Academy Students Read 2 Million Words
The Bourne Academy has launched a brand-new tutor time reading programme. Based on research by Doug Lemov and the Greenshaw Learning Trust, the decision was taken to introduce this fantastic initiative at the Academy.
The pilot for the programme was introduced in September, led by Portland House tutors, who have been reading aloud to their tutees for 15 minutes, three times a week. Students listened to the stories whilst carefully following the text with their reading rulers, which double as book marks.
The remaining Academy houses will be joining this programme throughout January, by which time, all students from Years 7 to 10 will be spending 45 minutes reading together each week. The books will be read by houses and swapped on a rotation basis.
The purposes of this programme are to expand student vocabulary, develop a life-long love of reading, support curriculum development and explore how literature has evolved in line with social and political change.
The texts chosen for this programme all offer a high value of ‘cultural capital’; Animal Farm by George Orwell, A Christmas Carol by Charles Dickens, Face by Benjamin Zephaniah and a collection of Short Stories by authors including Graham Greene, Chaucer and D H Lawrence. Cultural capital is described by the government as literature that is the very best work of British authors across the generations. By the time students have read the 24 selected texts, they will have read over 2 million words.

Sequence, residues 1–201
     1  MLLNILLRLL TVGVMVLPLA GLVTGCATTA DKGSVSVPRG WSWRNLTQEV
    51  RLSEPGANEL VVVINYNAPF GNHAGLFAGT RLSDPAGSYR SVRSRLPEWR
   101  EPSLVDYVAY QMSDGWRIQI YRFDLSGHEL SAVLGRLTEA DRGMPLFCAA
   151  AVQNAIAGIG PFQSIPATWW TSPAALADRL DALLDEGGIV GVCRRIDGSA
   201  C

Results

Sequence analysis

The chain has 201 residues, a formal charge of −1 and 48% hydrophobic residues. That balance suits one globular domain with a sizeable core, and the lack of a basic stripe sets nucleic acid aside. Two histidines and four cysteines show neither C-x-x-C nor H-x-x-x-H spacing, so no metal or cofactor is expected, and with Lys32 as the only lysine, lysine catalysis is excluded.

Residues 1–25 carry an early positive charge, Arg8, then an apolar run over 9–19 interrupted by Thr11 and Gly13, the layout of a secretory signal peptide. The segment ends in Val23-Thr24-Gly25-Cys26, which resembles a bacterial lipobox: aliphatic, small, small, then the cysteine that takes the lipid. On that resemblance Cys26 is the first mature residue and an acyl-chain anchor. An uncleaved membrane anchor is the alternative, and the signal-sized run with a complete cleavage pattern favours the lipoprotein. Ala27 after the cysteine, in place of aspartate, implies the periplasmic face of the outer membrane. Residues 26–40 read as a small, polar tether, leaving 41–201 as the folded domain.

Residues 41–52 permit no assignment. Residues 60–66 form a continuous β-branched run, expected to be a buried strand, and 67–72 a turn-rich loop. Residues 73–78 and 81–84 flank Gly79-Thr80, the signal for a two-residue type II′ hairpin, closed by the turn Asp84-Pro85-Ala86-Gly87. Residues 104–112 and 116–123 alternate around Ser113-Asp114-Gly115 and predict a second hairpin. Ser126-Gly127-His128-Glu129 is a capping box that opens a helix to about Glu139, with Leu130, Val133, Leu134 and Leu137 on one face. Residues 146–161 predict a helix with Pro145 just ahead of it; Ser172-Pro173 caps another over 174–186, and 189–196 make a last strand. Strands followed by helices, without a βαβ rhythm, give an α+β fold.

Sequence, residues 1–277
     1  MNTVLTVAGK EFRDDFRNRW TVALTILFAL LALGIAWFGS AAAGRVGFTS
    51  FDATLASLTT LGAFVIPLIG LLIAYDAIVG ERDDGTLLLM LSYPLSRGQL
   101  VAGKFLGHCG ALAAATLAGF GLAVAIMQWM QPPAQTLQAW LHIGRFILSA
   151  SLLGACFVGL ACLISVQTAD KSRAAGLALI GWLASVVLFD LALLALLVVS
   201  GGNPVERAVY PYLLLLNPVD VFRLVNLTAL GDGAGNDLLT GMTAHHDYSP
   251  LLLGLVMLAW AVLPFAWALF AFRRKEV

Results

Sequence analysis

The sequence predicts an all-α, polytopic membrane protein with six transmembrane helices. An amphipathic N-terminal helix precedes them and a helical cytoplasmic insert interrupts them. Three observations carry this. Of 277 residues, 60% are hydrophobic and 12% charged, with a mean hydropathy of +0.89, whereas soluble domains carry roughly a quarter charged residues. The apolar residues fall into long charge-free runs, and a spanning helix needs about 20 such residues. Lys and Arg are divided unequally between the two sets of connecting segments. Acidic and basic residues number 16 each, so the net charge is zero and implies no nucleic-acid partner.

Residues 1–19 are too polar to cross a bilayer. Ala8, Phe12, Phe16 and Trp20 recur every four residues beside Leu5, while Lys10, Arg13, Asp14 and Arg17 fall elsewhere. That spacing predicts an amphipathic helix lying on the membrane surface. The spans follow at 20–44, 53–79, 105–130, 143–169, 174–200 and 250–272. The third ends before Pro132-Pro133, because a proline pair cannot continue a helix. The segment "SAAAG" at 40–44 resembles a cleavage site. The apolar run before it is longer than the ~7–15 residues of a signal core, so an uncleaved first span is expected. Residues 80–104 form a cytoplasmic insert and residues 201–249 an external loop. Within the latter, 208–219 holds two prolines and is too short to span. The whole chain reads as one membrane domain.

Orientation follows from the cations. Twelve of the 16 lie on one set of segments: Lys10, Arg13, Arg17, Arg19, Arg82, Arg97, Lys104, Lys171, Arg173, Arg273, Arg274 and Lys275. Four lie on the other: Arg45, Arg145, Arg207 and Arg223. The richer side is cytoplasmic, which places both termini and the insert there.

Assistant Principal of Teaching & Learning, Rachel Bennett says ‘We are delighted with the success of the reading programme to date. Students feel very proud that they have now read classic texts by such brilliant writers as George Orwell and Charles Dickens. Students have also expressed how proud they feel of their tutors for stepping outside their own comfort zone by reading aloud to their tutees. The reading programme will ensure that our students experience over 5000 minutes of quality literature every school year, how amazing is that!’